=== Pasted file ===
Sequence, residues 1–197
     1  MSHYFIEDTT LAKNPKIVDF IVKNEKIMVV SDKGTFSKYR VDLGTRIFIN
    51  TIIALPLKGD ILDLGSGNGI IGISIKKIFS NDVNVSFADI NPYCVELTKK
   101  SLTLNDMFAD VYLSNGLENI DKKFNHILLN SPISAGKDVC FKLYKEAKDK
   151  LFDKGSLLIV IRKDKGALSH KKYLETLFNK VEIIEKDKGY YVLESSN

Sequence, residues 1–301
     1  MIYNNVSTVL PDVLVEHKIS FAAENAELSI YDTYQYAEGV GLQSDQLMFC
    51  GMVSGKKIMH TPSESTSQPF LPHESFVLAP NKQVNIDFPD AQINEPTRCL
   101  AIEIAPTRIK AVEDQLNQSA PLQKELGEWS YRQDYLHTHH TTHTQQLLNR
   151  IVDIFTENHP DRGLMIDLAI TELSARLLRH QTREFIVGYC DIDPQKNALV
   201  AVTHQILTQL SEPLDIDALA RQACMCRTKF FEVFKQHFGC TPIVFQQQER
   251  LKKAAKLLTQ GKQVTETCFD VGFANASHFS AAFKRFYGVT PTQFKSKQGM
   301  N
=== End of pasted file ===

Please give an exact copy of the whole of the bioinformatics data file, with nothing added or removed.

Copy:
Sequence, residues 1–197
     1  MSHYFIEDTT LAKNPKIVDF IVKNEKIMVV SDKGTFSKYR VDLGTRIFIN
    51  TIIALPLKGD ILDLGSGNGI IGISIKKIFS NDVNVSFADI NPYCVELTKK
   101  SLTLNDMFAD VYLSNGLENI DKKFNHILLN SPISAGKDVC FKLYKEAKDK
   151  LFDKGSLLIV IRKDKGALSH KKYLETLFNK VEIIEKDKGY YVLESSN

Sequence, residues 1–301
     1  MIYNNVSTVL PDVLVEHKIS FAAENAELSI YDTYQYAEGV GLQSDQLMFC
    51  GMVSGKKIMH TPSESTSQPF LPHESFVLAP NKQVNIDFPD AQINEPTRCL
   101  AIEIAPTRIK AVEDQLNQSA PLQKELGEWS YRQDYLHTHH TTHTQQLLNR
   151  IVDIFTENHP DRGLMIDLAI TELSARLLRH QTREFIVGYC DIDPQKNALV
   201  AVTHQILTQL SEPLDIDALA RQACMCRTKF FEVFKQHFGC TPIVFQQQER
   251  LKKAAKLLTQ GKQVTETCFD VGFANASHFS AAFKRFYGVT PTQFKSKQGM
   301  N